SAN JOSE, Calif. – The consumer electronics industry has seen plenty of Web-connected TVs and will see plenty more at CES 2012 and beyond. The burning question these days is whether Apple can crystallize the concept into a must-have product as it has done with MP3 players, smartphones and tablets.
This morning, Taiwan's Digitimes became the latest to weigh in on rumors Apple Inc. will deliver a connected TV. It reported the so-called iTV could ship by August using 32- and 37-inch screens from Sharp and chips made by Samsung.
The rumors kicked into high gear following the release this year of the official biography of Apple co-founder Steve Jobs. It quoted Jobs as saying he "had finally cracked the code" on an integrated TV product.
Since then others have turned down the volume on the hype, suggesting Apple is still in an early phase of developing such a product. Others have noted TVs do not play to Apple strengths because systems are rarely upgraded and carry new and heavy supply chain challenges for the computer and device maker.
On the other hand, Apple's software designers have a knack for making complex things simple. The company also has the Hollywood connections to plow through some of the resistance from studios and broadcasters.
We shared our concept of a hot iTV back in 2008. Since then Yahoo! entered the market, enabling 3.5 million connected TVs in 2009. Google followed with its own PR splash and products that flopped and is now working on a next-generation platform. The gyrations have been enough to jerk Intel in and out of this emerging market.
Even two years ago, nearly every TV maker had at least one Web TV model in its line up at CES. Earlier this year, one consumer veteran helped launch an open Web TV standards effort. Analysts have put out big projections for sales of as many as 650 million of such systems by 2014.
We'd love to hear from TV makers and anyone who has tried a connected TV. What are the sore spots of these products to date? How could Apple create a better product?
How about this?? Siri... but in your home. Starts with something more than a convenient interface to your home entertainment system... it gets smart about what you like to watch and recommends things for you... as more things get connected, thermostat, fridge, this becomes more like a personal valet. Builds a grocery list.. keeps the house comfortable... Makes you dinner reservations...
As Bert says the technology is already here (wwiTV for example) but a quick look shows you that there is little interesting content there so I would not watch it...my kids though (in their late 20ies) don't want to pay for cable so they watch only what is available on the net, most of their peers do the same...so it is only the question of time for webTV to take over...whether the Apple makes enough content deals to make this happen would be interesting to see and give a good prediction of post-Jobs era for them....Kris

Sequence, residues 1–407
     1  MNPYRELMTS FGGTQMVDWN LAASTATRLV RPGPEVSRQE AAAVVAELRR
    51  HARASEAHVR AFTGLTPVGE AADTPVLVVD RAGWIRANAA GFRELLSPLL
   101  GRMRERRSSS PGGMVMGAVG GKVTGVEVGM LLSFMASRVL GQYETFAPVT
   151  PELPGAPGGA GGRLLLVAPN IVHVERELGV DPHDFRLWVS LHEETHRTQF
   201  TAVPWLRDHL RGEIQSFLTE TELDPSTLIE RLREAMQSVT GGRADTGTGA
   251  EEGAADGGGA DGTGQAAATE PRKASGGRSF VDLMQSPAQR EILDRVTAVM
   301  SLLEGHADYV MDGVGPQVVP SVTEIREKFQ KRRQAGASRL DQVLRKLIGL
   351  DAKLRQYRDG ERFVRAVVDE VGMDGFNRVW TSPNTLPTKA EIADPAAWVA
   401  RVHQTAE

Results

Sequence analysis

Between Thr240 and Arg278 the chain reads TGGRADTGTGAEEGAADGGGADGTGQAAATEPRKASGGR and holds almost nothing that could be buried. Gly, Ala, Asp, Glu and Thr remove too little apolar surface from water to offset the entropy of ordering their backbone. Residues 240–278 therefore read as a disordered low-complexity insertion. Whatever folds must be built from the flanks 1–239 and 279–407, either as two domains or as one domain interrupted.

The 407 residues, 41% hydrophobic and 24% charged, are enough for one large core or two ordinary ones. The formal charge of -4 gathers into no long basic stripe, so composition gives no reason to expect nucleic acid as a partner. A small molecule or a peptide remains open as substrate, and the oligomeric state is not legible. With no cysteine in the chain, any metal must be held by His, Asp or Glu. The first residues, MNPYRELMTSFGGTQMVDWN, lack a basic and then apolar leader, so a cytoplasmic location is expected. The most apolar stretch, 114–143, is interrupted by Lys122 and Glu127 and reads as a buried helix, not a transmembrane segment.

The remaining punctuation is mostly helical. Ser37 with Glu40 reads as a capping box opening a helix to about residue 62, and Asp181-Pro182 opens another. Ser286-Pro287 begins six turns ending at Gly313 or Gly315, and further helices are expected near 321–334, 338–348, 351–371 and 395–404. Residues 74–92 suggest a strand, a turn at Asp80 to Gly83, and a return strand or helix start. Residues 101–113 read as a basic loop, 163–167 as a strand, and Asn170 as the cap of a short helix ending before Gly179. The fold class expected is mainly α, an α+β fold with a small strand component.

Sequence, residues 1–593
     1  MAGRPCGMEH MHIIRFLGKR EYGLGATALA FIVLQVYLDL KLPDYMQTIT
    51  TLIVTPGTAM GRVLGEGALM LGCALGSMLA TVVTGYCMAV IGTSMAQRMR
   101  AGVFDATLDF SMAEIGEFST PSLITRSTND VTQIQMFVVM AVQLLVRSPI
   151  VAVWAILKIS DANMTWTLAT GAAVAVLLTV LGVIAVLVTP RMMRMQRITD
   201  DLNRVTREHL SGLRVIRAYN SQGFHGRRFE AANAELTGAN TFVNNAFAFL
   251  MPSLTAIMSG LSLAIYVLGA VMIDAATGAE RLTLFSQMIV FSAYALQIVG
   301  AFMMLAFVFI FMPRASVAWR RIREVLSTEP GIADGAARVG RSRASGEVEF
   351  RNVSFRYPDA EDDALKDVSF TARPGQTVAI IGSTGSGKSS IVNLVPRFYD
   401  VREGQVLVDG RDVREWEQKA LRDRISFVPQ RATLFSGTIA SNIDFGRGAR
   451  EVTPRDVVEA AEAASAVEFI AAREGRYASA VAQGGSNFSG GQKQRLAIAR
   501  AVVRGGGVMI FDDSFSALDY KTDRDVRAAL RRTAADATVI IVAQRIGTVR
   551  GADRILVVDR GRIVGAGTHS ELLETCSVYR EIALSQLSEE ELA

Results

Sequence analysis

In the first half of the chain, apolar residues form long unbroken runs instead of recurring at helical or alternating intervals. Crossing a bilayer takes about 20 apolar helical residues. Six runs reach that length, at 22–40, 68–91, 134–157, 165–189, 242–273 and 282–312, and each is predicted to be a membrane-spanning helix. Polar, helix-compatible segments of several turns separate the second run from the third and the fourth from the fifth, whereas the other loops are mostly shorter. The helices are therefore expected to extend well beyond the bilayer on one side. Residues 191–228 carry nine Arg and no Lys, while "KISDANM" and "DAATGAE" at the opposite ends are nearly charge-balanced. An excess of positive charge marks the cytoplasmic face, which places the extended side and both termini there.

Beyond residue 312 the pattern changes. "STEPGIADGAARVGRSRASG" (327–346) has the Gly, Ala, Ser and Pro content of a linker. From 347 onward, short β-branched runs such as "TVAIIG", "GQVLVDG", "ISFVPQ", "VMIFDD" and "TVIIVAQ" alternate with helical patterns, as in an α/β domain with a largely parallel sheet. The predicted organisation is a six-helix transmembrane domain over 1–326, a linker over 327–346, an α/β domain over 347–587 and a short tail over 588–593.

Honestly, what I can't figure out is, why don't the individual TV manufacturers differentiate themselves by independently coming up with clever TV-related software for their connected TVs? Or for that matter, why don't independent software houses do this for PCs and Macs? Why should the major brands all glom onto the same Google (or what have you) solution?
This makes no sense to me. The TV manufacturers can use their choice of browser, they can use their choice of search engine, and they can use their software gurus to tweak the package to provide better features than the competition.
Apple isn't the only game in town by any stretch of the imagination.
Its amazing to note that TV in its traditional form has survived till this new web-age. Most of other form of entertainment has either perished or lost significance. The TV content is still majorly selected by studios and channels. Only TRPs decide the fate of a show.
I think that Apple can bring the needed momentum to the live TV if Apple move into this domain. Its true that many others have failed to gather any momentum but Apple can create a niche for itself just like it did with Tablet.
Thing is, live TV is already available online. It's not Apple's decision to make it available or not to. It's the content owners' decisions.
Check out this site:
Live TV from a huge list of countries, just like being there. I don't need Apple to provide this. If anything, it's the US TV networks that would decide to make it happen.
Join our online Radio Show on Friday 11th July starting at 2:00pm Eastern, when EETimes editor of all things fun and interesting, Max Maxfield, and embedded systems expert, Jack Ganssle, will debate as to just what is, and is not, and embedded system.